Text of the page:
Smell the Gazprom
p;HAD A DREAM once. It was a grand daydream, global in scope and yet entirely selfish. It was brought on by a morning immersed in The Los Angeles Times followed by an afternoon in a clapped-out convertible in the traffic jams of Hollywood.
The traffic was pumping out its usual brew of carcinogenic bad stuff, shrouding the hills in smog. The Los Angeles Times had pumped out thousands of wildly optimistic words on the imminent glories of fuel cells, which would soon be powering all our cars with nary a carbon emission to choke on. In my delirium, the fuel cells neutralised the smog, and the LA basin, beneath blazingly clear skies, was suddenly a-thrum with thousands of extras from Sleeper, pootling around behind Woody Allen in zero-polluting dune buggies.
It got worse. A kindly environmental fund manager explained that fuel cells would soon be powering the entire future, not just cars. The hydrogen needed to power them would come from the wind and the waves and, above all, the sun, beating down on vast arrays of mirrors near somewhere called Boron in the Mojave Desert. Fossil fuels would be a dark smudge on history. So I did what any smart investor would have done. I went out and spent $5,000 more than I could afford, which is to say $5,000, on shares in a Canadian fuel cell company.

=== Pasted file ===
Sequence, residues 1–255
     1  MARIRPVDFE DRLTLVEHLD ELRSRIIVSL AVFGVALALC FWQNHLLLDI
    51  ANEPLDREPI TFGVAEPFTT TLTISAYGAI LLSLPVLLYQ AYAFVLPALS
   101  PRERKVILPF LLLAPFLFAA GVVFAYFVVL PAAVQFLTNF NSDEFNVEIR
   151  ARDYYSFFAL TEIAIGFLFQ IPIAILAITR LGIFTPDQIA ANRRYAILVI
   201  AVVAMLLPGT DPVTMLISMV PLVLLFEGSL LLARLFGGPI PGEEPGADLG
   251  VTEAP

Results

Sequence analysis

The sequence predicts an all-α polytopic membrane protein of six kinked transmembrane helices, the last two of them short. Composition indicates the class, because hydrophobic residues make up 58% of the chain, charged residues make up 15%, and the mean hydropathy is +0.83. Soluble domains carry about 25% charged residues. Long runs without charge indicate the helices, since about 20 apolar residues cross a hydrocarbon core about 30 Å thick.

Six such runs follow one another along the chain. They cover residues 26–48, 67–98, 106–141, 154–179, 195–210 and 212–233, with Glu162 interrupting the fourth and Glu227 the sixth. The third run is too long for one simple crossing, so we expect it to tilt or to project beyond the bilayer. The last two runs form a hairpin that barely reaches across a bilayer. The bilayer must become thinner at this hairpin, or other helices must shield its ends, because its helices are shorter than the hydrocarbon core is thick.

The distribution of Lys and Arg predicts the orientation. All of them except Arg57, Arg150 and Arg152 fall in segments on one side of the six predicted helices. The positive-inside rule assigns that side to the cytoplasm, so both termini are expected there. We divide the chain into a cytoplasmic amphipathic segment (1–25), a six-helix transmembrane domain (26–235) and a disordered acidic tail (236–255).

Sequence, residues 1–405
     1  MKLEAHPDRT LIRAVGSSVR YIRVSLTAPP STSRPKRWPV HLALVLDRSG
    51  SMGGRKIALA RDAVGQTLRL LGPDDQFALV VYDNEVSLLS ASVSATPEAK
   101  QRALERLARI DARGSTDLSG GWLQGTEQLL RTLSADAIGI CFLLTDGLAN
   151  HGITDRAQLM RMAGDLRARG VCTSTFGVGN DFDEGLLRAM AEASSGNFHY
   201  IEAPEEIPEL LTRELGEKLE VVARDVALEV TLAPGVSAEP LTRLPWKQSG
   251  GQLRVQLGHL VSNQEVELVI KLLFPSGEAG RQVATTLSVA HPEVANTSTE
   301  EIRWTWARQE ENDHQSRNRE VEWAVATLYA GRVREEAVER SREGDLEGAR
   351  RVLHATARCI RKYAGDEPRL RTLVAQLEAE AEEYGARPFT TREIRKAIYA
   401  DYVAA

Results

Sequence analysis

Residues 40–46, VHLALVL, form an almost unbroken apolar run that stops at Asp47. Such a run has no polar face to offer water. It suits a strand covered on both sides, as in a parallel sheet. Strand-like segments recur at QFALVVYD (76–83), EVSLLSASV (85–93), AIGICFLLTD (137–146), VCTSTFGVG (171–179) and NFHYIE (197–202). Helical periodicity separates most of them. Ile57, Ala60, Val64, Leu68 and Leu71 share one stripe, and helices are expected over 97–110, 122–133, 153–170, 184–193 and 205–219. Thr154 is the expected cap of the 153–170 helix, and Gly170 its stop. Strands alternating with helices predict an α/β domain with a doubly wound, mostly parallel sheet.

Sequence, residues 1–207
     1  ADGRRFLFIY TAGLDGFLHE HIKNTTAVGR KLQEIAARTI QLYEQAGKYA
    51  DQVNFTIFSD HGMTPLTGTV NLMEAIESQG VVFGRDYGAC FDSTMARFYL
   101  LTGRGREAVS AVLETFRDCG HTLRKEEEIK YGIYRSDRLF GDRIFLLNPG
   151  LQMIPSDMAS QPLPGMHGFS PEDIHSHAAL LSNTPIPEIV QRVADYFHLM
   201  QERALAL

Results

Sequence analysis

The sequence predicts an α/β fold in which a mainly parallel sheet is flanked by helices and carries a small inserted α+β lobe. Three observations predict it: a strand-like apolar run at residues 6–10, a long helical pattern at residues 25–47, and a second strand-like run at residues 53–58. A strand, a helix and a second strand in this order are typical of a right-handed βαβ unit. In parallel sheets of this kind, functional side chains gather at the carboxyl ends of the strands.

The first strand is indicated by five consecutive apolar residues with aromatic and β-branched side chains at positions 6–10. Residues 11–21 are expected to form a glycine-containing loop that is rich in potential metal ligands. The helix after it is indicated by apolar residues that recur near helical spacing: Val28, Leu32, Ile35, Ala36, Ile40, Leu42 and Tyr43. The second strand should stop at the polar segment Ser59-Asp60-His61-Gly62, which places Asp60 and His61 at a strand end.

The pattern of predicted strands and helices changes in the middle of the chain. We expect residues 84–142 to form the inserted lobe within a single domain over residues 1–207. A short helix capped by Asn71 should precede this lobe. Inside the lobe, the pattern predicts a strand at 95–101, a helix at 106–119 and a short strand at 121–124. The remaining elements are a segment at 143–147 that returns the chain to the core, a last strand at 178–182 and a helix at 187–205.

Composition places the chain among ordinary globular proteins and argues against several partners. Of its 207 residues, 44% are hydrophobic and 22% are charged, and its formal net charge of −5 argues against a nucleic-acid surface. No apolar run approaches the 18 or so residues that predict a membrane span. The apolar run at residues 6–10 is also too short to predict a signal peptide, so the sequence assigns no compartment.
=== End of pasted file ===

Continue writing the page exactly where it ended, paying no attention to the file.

The first sign that this may have been unwise was the failure of dozens of excited forecasts of the death of oil to come true. These forecasts were based on M. King Hubbert’s theory of “peak oil”. Mr Hubbert, an American geophysicist of unimpeachable integrity, correctly predicted that domestic US oil production would peak around 1970 and go into steady decline as the US oil industry found more lucrative uses for its profits than ploughing them back into domestic oil exploration. Others used his methods to predict a global production peak in 2000 — but it didn’t happen.
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